Scallop fishing in the Gulf of Maine: A David-Goliath story
Since the start of the scallop season this month, Jim Wotton has dragged heavy dredges along the seabed off Gloucester, hauling in as much as 200 pounds a day of the valuable clams, the area’s federal limit for small-boat fishermen.
Now, to his dismay, dozens of larger, industrial-sized boats have been steaming into the same gray waters, scooping up as many scallops as they can. Unlike their smaller counterparts, the large vessels have no quota on the amount they can catch; they’re only limited by the number of days they can fish.
It’s a regulatory loophole that small-boat fishermen fear could wipe out the resurgent scallop grounds in the northern Gulf of Maine. This year, officials at the National Oceanic and Atmospheric Administration estimate that the large boats are likely to catch about a million pounds of scallops – roughly half of the area’s estimated stock.
“That would be devastating,” said Wotton, 48, who fishes out of Friendship, Maine. “They’re taking our future. There won’t be anything for us next year.”
In recent years, Wotton and other small-boat fishermen mostly had the waters to themselves. But as the fishery has rebounded, the large boats returned in force, last year pulling up 290,000 pounds of scallops – more than four times the quota for small boats in the fishing area.
Wotton and other small-boat fishermen, along with a range of public officials in Maine, have urged NOAA to close the fishery immediately. They have been fishing there since 2008, when officials carved out the area to help small-boat fishermen.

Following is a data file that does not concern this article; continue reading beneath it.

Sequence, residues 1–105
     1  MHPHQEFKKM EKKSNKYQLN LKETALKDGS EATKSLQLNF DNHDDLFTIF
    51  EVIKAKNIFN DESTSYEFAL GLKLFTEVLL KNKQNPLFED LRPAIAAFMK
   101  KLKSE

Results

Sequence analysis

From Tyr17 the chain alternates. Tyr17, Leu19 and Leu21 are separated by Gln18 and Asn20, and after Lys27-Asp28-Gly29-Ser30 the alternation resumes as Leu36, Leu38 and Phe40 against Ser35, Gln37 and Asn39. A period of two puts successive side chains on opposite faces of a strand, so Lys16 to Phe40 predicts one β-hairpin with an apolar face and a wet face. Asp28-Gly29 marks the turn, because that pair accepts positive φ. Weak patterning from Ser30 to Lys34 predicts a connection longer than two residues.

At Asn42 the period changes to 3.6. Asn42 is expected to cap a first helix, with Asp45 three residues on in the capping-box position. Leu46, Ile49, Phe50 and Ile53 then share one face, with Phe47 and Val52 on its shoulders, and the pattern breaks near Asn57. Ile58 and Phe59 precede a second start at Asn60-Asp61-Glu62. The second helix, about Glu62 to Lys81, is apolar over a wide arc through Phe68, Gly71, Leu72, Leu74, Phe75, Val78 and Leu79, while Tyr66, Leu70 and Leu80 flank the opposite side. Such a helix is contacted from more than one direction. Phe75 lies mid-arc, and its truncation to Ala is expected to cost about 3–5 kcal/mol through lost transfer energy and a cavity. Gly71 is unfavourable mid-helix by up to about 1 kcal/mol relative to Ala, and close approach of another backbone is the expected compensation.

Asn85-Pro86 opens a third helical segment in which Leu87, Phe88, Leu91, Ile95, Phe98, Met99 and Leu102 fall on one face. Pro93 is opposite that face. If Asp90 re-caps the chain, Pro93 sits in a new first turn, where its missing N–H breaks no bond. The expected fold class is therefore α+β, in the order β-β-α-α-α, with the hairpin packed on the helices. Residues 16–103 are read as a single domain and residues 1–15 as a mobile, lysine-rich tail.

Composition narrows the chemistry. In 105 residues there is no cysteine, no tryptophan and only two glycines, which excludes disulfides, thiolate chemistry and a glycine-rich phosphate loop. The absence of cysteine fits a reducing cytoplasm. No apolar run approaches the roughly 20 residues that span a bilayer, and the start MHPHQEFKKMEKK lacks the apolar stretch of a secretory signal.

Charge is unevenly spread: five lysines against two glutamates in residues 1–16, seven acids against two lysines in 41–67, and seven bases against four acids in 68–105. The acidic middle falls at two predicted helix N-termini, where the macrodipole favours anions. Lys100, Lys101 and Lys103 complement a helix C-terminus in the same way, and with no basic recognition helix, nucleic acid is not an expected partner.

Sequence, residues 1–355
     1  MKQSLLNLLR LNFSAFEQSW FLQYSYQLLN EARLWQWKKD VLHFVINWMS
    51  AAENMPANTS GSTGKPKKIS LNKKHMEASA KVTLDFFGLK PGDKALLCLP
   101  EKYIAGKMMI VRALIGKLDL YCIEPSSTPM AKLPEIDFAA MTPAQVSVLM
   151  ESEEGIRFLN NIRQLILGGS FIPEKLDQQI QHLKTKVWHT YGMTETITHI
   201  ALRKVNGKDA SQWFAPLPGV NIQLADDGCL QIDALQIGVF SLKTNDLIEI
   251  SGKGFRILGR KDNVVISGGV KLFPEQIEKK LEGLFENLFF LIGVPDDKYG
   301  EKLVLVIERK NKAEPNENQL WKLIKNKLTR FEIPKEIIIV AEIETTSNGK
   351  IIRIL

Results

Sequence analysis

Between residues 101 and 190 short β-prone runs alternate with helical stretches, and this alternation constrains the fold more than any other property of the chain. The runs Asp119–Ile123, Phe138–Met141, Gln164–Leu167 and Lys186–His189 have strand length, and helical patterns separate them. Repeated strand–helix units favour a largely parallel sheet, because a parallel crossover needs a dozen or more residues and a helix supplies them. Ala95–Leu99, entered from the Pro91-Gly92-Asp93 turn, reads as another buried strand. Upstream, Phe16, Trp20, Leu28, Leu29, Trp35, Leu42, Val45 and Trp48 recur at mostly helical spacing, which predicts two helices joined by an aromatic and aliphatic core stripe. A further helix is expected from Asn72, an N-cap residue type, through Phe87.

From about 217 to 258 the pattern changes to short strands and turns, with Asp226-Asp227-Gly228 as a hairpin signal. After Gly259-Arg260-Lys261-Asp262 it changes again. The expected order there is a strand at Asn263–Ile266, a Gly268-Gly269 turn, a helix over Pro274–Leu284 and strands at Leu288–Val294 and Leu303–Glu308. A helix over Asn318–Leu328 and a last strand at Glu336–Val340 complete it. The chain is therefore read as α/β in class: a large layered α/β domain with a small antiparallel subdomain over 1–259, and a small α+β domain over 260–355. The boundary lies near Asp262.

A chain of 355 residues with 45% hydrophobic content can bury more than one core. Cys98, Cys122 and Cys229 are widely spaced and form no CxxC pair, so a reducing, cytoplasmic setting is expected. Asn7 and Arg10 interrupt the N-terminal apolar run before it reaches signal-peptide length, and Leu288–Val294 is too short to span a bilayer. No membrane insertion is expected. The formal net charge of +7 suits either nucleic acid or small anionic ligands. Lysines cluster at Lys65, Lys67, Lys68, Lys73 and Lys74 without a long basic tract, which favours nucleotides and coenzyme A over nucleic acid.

In a letter to NOAA, Ben Martens, executive director of the Maine Coast Fishermen’s Association, called the large-boat catch “unprecedented” and “unparalleled.”
He pointed to an assessment last summer by the Maine Department of Marine Resources that suggested the fishery would become unsustainable if the area’s scallop catch exceeded 480,000 pounds. The large-boat haul, he added, was threatening the livelihoods of more than 100 small-boat fishermen.
Delaying action “would be a death sentence for the long-term sustainability of this fishery,” he wrote, noting that more than 30 large boats have been fishing the area this year. “Please, stop them from catching the future of our fishery.”
NOAA officials acknowledge the fishermen’s concerns, but have declined to take emergency action to close the fishery.
On Tuesday, however, NOAA regional administrator John Bullard told the Globe the agency plans to close the fishery as soon as Thursday, saying that small boats will have reached their quota by then. The fishery automatically closes – to all boats – once the small boats catch their annual quota of 70,000 pounds of scallops.
Bullard said NOAA has expedited the opening of three other scallop fisheries off Nantucket, New Jersey, and the eastern side of Georges Bank off Massachusetts.
He said it would have taken about a month to carry out an emergency closure.
“We weren’t sure when we could close the area, because weather has tremendous impact on when the small boats fish,” he said.